Tom regularly collaborates with government and industry to develop better understandings of group processes and crowds and of how group dynamics are influenced by social media. For example, his team currently studies the dynamics of opposition to immigration in a nationwide longitudinal study commissioned by the Dutch Ministry of Justice and Security. Another major project concerns the societal impacts of earthquakes caused by gas extraction in Groningen. The combined impact of many small earthquakes (there have been over a thousand) has until now caused damage to the homes of 170,000 inhabitants. His own research, in collaboration with local and national government agencies, looks at the social unrest and health consequences this causes in a five-year longitudinal study. He is also the academic chair of the government funded knowledge platform to coordinate the social science and humanities research into this disaster in slow-motion.
Mikkel B. Rasmussen co-founded ReD Associates and as the director of ReD Associates European practice he works closely together with the top management of Europe’s most forward looking companies. The best ideas, according to Mikkel, comes from a true interest in the real world and a deep exploration into human behavior. His work has led to several disruptive technologies and products in the markets for among other toys, sports goods and health care. He is a specialist in innovation strategy in both public sector and private organisations and holds a Masters of Science in Economics from Maastricht University as well as a Master in Public Economics from Roskilde University. Mikkel is a well-known keynote speaker and provocateur - reflecting on innovation, business creativity and the practical use of social science delivering hundreds of keynotes around the world. In 2014 he co-wrote the book Moment of Clarity together with Christian Madsbjerg, published by Harvard Business Press.
“Jeff is the Executive Director of the Institute of Innovation and Entrepreneurship at London Business School. He also directs a variety of MBA entrepreneurship electives and co-curricular student activities at the School.
Prior to this, as Commercial Director at University College London, he conceived, built and ran UCL’s Technology Transfer division - including the creation of two early-stage seed funds and separate units managing consultancy, collaborative research and new venture creation. Working alongside research students and academics, he has co-founded over thirty technology-based spinouts that have, in aggregate, raised over £30 million first round finance and returned over £20 million to UCL.
He is past President of and remains closely involved with the leading UK & European tech transfer associations, PraxisUnico & ASTP. He talks, trains and consults widely throughout Europe in the field of technology commercialization. He intiated and is Co-Director of a course on ‘Knowledge Transfer in the Social Sciences, Arts and Humanities’. He chairs the Professional Recognition panel for the worldwide ‘Alliance of Technology Transfer Professionals’ (ATTP).
Before joining UCL, he was Technical Marketing Manager at Hoechst Celanese Corporation in New Jersey and prior to that, Photonics Research Manager at General Electric. His first degree was in physics and he holds a Ph.D. in thin-film photonics (UCL) and an MBA from London Business School.”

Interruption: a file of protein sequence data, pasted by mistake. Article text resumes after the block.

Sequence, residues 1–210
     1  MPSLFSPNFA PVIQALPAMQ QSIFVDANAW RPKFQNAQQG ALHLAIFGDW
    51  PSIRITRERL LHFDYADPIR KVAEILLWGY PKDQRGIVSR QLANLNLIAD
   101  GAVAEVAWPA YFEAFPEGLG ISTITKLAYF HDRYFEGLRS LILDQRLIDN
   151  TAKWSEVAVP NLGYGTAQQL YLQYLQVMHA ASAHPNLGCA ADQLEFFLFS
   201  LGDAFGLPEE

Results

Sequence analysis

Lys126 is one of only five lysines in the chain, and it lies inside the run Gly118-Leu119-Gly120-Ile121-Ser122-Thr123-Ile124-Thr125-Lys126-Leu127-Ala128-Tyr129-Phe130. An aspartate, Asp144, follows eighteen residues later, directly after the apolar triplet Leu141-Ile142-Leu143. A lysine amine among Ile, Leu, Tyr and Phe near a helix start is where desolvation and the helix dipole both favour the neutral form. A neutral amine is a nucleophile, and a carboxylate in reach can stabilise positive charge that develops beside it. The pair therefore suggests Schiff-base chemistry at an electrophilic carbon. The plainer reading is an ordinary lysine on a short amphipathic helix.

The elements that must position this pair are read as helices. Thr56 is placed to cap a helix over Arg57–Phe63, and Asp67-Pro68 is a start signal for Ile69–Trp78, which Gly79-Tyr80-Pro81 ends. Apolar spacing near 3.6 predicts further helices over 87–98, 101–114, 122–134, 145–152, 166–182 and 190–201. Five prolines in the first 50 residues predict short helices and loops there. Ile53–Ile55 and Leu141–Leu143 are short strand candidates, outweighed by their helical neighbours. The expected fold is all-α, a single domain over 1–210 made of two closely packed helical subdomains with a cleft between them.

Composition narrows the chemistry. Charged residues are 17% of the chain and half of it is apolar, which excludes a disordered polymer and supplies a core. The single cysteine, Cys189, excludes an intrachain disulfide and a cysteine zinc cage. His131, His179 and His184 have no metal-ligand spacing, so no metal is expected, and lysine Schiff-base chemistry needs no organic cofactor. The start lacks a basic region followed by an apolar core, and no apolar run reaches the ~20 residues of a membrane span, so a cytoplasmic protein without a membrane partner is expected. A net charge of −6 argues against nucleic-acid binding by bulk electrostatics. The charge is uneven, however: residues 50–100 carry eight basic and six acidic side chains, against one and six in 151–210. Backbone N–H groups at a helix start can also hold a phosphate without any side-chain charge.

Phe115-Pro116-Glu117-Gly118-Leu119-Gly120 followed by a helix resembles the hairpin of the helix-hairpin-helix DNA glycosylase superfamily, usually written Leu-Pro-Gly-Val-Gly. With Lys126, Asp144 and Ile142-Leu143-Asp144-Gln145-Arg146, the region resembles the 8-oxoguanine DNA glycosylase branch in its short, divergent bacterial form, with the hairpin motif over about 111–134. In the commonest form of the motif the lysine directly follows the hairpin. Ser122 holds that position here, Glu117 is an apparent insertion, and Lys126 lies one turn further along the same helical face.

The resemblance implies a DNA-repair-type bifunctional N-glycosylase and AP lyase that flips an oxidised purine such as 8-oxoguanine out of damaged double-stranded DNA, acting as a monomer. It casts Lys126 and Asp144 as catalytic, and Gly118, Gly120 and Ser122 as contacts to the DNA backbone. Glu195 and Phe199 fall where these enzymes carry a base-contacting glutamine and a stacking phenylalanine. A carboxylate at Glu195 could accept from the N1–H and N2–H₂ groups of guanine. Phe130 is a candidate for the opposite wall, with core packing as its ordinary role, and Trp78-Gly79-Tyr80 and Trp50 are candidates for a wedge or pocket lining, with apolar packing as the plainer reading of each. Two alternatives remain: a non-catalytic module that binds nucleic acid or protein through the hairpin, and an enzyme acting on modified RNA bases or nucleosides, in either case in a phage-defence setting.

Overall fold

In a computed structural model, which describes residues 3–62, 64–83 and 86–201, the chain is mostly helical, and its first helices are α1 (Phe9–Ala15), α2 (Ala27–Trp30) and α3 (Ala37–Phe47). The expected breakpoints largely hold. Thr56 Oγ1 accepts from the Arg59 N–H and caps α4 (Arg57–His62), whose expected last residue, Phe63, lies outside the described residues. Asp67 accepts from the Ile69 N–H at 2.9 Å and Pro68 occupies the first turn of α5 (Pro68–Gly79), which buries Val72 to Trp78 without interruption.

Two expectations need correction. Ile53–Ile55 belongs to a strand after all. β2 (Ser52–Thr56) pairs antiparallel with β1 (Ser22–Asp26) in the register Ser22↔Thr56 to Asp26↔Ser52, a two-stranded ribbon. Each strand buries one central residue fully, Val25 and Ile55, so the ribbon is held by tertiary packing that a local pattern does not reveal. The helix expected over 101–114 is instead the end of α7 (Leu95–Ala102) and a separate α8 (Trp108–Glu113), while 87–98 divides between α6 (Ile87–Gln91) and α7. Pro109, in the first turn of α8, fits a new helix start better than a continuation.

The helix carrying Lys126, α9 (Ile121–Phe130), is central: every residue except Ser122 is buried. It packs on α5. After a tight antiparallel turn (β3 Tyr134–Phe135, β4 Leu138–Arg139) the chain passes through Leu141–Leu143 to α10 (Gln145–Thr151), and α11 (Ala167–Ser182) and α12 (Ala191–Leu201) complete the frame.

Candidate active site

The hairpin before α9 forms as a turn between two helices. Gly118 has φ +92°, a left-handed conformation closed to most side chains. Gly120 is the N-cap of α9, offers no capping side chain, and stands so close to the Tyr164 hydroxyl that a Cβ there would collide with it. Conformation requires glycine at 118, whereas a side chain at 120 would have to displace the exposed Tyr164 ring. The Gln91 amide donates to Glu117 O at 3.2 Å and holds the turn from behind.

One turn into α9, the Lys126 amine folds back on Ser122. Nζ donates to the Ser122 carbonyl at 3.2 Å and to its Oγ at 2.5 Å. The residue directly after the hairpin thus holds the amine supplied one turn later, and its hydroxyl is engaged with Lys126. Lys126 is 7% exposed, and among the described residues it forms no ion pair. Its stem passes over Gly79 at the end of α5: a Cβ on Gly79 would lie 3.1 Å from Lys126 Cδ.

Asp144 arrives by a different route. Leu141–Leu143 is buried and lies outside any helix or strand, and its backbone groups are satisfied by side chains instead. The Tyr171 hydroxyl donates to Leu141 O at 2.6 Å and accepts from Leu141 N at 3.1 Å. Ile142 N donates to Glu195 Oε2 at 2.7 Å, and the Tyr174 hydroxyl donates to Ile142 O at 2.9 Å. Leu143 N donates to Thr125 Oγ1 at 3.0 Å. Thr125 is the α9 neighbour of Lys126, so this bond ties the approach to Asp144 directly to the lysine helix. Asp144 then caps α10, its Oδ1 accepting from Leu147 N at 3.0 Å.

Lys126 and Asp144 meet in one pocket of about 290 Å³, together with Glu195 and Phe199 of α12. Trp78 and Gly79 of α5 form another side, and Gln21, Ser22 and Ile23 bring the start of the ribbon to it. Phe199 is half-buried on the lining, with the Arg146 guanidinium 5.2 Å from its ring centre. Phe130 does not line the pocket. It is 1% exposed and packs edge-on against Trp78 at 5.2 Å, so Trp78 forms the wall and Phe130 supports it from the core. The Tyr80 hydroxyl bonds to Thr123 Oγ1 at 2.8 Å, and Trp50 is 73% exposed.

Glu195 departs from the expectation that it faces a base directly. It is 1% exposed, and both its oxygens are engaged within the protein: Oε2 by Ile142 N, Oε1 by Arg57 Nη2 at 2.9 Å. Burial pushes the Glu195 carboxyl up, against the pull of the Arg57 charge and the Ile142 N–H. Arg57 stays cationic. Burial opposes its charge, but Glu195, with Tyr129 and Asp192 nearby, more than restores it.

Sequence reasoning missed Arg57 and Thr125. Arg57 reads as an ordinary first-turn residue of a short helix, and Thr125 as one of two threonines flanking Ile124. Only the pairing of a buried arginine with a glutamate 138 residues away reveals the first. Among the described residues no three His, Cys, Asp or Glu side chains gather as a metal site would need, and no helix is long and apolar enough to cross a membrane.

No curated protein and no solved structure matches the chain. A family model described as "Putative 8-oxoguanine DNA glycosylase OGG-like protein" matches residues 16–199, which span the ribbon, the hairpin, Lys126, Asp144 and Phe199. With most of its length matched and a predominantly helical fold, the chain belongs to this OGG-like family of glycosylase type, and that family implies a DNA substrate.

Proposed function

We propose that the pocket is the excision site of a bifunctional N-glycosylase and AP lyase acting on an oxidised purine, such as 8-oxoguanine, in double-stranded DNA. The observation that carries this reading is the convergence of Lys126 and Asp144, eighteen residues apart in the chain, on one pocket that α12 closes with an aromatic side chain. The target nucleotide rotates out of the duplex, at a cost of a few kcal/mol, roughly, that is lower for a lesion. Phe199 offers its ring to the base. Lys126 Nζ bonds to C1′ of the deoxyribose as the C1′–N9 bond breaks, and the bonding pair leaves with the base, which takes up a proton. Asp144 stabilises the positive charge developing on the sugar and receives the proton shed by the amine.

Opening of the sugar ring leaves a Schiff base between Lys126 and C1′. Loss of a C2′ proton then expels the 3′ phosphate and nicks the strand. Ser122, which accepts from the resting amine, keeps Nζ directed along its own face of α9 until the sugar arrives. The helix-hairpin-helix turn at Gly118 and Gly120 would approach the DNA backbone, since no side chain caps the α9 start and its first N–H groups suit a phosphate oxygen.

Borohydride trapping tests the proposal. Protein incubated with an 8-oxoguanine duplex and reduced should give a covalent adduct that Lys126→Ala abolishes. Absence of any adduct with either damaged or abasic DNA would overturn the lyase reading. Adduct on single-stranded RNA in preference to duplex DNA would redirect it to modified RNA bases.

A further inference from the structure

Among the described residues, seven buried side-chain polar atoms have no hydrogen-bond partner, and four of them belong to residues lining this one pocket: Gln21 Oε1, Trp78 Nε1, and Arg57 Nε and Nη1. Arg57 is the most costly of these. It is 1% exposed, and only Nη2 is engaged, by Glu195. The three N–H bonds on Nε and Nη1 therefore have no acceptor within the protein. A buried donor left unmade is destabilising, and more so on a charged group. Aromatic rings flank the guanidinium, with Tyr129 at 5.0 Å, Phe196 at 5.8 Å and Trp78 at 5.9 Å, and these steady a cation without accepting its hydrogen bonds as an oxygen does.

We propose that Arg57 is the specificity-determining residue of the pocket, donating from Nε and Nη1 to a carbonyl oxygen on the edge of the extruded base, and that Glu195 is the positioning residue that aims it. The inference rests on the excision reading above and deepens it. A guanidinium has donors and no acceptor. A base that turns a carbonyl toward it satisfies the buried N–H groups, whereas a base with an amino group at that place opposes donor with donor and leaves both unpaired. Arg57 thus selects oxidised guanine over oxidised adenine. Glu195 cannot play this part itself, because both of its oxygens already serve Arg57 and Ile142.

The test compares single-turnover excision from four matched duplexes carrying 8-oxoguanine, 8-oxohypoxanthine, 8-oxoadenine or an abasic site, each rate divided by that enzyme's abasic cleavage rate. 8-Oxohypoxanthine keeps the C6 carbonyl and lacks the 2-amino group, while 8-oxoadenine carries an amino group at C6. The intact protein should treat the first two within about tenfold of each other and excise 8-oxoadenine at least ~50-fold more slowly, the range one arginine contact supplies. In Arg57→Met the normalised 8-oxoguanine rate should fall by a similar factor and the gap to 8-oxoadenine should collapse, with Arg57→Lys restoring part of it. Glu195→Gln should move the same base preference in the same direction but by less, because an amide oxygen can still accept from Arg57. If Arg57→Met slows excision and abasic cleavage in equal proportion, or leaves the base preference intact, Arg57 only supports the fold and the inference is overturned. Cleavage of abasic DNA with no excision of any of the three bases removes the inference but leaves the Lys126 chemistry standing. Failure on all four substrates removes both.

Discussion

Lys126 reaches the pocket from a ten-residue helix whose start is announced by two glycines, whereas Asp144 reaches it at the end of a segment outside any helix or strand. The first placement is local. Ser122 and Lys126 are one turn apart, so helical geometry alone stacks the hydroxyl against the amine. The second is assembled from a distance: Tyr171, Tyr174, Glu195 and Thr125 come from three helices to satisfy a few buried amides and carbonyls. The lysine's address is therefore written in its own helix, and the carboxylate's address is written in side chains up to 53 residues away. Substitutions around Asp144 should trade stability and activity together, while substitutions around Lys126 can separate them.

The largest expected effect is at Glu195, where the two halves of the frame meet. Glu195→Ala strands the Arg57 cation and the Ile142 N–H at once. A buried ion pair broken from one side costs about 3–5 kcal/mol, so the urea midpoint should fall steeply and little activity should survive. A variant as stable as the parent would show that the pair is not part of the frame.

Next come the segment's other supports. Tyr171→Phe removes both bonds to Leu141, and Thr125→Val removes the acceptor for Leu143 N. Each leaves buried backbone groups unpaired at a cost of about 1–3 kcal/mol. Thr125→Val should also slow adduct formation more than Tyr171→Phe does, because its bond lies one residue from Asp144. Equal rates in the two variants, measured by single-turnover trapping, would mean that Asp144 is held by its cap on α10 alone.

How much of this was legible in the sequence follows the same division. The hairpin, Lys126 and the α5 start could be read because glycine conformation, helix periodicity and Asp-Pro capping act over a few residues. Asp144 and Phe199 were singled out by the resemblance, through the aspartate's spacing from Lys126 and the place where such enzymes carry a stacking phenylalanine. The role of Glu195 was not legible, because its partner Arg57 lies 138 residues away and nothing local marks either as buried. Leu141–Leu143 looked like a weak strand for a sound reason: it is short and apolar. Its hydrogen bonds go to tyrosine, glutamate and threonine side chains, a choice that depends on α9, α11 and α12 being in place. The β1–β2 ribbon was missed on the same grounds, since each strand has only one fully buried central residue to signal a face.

Dr. Skorton is currently a Distinguished Professor at Georgetown University and previously served as the president of Cornell University. He was also a professor in the Departments of Medicine and Pediatrics at Weill Cornell Medical College and in Cornell’s Department of Biomedical Engineering. Before that, he was President of the University of Iowa and a professor there for 26 years.
Dr. Skorton chaired the recently released National Academies of Sciences, Engineering and Medicine study on The Integration of the Humanities and Arts with Sciences, Engineering, and Medicine in Higher Education: Branches From the Same Tree.
Dr. Skorton received his bachelor’s degree in psychology and his medical degree from Northwestern University. He completed his residency in internal medicine and fellowship in cardiology at the University of California, Los Angeles.
Sharon Smit is Director Sustainable Society at University of Groningen (the Netherlands) since 2012. Sustainable Society is the network organisation for all Social Sciences and Humanities research at the University of Groningen. She was trained in Political Sciences and International Relations. Before working at the university she worked as a strategic policy advisor at several governmental organisations in the Netherlands and Brussels in the field of Strategy and Policy Development. Both on a personal and professional level she is highly interested in building bridges and connections between people and between organisations: collaboration is innovation. She is convinced that the role of academia is changing towards a more central position in society. In her current role as Director of Sustainable Society she coordinates the European Horizon 2020 ACCOMPLISSH project on societal impact maximasation of SSH Research, in which she develops models and methods for science to have (more) societal impact. Furthermore she coordinates the PERSON platform, an SSH research network in energy transition and is the founder of a number of co-creation initiatives.